Monday, August 22, 2011

The oldest item in my collection

The best thing in my collection is not a baseball card. It isn't a piece of game-used or autographed memorabilia. It does have a somewhat loose tie to this Allen & Ginter card.

I pulled this Minds That Made the Future Samuel Colt from a blaster recently. The same blaster that had the Russell Martin bat relic. It reminded me of my grandfather who passed away a number of years ago.

When I was a sophomore in high school, my grandpa told me he had something he wanted to show me. It was something he wanted to leave me someday when he wasn't around anymore. Of course, I didn't want to hear him talk like that, but I was curious about what he might want me to have someday. He went into his bedroom and was gone for what seemed like forever. When he returned, he had an old leather case. He pulled out two somethings wrapped in cloths. Not one, but two.

Now I was definitely intrigued. He carefully unwrapped both cloths and there before me lay two Colt Revolvers. Well, he said they were Colt Revolvers. I wouldn't have known what they were, except they looked like the pistols cowboys wore in the the old westerns I watched with my dad. He said they had been handed down to him from his grandfather. I know now that his grandfather was born somewhere around 1850, so that should give you some idea of the age on these guns. All he really knew about them was that his grandfather had worn them "back when men wore guns all the time." He said he wanted me to have them because he knew I would keep them in the family and not sell them. I was touched, but being a teenager, I put it out of my mind.

Several years later, my grandfather's health started to decline and he was in and out of the hospital. During one of my visits to the hospital, my grandmother took me aside. She told me that she knew Grandpa had promised the Colts to me, but that my Uncle had taken them at some point and sold them. I was sad that my Grandpa's wishes hadn't been followed and sad that I wouldn't have that family heirloom to pass down to my kid someday. That's when she pulled out an old, worn coin purse. She said it belonged to my great-grandmother, my Grandpa's mom. She wanted me to have it and hoped that there were some items in there that I could pass down to my children someday.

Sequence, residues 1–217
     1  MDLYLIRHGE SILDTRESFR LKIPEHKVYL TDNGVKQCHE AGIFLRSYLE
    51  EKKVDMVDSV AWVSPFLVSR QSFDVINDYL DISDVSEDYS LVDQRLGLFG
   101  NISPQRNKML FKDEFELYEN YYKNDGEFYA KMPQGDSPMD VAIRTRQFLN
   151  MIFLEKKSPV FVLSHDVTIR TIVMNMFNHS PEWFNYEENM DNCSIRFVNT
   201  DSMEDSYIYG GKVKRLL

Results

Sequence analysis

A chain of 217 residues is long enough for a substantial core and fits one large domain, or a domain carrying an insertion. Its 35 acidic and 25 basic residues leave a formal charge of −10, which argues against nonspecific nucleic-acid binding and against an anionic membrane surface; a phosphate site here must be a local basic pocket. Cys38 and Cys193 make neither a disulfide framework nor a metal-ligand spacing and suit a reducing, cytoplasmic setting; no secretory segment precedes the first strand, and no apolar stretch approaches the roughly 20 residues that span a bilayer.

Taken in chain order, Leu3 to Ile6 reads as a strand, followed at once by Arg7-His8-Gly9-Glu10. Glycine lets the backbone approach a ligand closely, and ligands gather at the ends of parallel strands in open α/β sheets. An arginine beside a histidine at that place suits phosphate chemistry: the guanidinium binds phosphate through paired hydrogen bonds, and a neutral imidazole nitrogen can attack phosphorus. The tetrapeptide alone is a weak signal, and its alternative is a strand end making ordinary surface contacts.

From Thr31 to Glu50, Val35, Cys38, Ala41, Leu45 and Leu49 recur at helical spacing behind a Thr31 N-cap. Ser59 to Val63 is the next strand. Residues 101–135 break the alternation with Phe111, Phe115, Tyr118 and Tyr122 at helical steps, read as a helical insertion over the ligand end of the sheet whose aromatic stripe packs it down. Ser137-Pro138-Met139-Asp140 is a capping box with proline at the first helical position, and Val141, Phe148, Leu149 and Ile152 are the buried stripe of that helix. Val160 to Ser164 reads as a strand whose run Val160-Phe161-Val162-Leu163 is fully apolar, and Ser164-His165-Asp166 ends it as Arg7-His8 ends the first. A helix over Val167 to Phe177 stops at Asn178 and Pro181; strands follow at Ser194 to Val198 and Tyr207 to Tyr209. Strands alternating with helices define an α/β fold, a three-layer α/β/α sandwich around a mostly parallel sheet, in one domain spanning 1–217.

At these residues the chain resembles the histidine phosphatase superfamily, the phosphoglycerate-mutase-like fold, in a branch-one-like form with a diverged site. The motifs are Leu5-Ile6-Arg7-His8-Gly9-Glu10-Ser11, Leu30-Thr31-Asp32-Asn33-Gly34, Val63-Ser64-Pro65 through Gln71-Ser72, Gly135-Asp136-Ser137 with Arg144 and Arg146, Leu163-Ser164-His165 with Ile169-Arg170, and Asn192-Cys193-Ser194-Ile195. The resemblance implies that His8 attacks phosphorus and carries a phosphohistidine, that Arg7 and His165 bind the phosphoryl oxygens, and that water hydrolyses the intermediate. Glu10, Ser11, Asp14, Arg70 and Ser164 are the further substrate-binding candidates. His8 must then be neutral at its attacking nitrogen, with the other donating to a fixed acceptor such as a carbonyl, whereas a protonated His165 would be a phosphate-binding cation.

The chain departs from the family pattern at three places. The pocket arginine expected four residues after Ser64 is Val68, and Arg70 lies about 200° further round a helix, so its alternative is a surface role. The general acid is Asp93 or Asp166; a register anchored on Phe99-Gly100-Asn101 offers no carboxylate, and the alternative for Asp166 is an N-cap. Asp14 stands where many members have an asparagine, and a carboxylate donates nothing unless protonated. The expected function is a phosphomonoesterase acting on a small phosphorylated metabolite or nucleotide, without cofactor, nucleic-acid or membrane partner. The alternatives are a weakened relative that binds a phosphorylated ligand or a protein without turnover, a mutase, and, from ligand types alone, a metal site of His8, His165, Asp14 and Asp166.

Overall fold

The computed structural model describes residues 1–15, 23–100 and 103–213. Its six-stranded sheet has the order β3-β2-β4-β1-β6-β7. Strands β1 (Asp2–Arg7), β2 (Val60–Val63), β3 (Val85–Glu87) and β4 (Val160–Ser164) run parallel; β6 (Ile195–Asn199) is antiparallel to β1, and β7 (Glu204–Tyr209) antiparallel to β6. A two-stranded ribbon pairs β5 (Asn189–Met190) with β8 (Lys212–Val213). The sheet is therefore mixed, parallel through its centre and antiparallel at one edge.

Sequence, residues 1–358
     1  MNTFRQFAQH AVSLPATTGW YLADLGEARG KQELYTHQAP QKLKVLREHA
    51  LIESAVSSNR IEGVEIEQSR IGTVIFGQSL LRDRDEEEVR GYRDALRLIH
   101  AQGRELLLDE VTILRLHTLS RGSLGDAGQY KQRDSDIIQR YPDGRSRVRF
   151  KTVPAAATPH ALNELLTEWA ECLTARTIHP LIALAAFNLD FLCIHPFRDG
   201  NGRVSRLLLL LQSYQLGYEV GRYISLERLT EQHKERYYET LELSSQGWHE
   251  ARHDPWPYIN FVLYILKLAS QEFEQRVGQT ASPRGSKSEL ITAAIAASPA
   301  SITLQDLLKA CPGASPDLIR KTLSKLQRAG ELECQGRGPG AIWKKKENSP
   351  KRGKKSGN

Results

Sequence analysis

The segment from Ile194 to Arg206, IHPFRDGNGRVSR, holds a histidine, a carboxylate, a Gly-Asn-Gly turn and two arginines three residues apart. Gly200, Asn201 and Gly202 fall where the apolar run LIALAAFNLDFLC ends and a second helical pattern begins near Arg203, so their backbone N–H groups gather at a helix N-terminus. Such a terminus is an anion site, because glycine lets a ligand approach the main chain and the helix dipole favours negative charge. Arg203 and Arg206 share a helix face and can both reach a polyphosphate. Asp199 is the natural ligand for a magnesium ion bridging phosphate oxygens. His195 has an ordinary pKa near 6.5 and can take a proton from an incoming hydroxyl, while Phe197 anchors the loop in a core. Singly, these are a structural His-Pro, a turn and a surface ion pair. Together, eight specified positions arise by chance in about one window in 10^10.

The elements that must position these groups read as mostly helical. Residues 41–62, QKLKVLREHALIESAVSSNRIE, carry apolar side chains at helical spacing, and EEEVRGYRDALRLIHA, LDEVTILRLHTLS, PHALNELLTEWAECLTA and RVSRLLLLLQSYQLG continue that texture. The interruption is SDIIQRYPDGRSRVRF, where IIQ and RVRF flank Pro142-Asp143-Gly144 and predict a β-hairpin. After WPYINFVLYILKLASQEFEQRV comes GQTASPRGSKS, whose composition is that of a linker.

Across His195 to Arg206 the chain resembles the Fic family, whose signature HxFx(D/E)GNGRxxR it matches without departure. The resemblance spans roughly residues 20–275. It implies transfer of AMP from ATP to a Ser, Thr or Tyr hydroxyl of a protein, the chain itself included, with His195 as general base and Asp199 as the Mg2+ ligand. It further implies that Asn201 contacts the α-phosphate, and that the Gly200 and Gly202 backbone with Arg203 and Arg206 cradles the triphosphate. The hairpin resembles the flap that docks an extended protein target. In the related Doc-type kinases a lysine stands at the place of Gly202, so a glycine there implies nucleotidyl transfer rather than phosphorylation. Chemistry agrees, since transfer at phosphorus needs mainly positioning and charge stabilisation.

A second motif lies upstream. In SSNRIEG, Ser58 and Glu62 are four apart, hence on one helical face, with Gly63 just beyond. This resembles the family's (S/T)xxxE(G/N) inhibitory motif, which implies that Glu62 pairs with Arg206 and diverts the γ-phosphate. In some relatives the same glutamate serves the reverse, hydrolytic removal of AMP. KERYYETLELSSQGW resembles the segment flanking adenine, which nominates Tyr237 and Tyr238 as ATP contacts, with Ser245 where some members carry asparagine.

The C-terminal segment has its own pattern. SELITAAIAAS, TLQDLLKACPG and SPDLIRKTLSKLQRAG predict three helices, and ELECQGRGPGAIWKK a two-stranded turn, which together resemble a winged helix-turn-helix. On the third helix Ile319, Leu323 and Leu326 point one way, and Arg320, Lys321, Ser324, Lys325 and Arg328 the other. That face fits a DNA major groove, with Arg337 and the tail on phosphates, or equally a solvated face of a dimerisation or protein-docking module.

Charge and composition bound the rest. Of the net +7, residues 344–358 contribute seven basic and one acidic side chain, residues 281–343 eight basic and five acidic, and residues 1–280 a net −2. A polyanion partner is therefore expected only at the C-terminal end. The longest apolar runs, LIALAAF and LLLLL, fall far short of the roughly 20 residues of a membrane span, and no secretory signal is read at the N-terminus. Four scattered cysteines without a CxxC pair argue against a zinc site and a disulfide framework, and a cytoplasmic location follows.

I opened the coin purse and it was full of Indian Head pennies, early 1900's silver quarters and dimes, a couple of late 1800's silver dollars and buried way at the bottom was one of these:

This isn't the exact coin because mine is in a safe deposit box. I can only say that I was shocked. I couldn't believe something so old had been sitting around in a desk drawer in my grandfather's study all these years.

I'm glad to have this coin. I don't know the history behind it, but I know that it was once in the hand of my great-grandmother and will one day sit in the hand of my son and hopefully be passed down to his children. I may not have the Colts, but it's nice to have something connecting my family's past with my family's future.


  1. Great story and a very cool coin.

  2. Cool story. Sucks that the guns were disposed of before you could get 'em. That 1799 coin is sweet!

    Oh, and you have an e-mail. Yahoo sends mine to spam folders a lot, just so ya know.

  3. That's awesome. My wife's grandfather is a collector of many things, so going to their house is like visiting the Smithsonian. Too bad about the Colts, but that coin is a great story, too.

  4. Love the coin's design! Those 13 stars are so simple but mean so much.

  5. cool stuff. that coin looks familiar from my dad's coin collecting days as one of the "really hard to find coins you see in catalogs" or something.

  6. Amazing story Brian!!! Glad it had a happy ending... Thanks for sharing!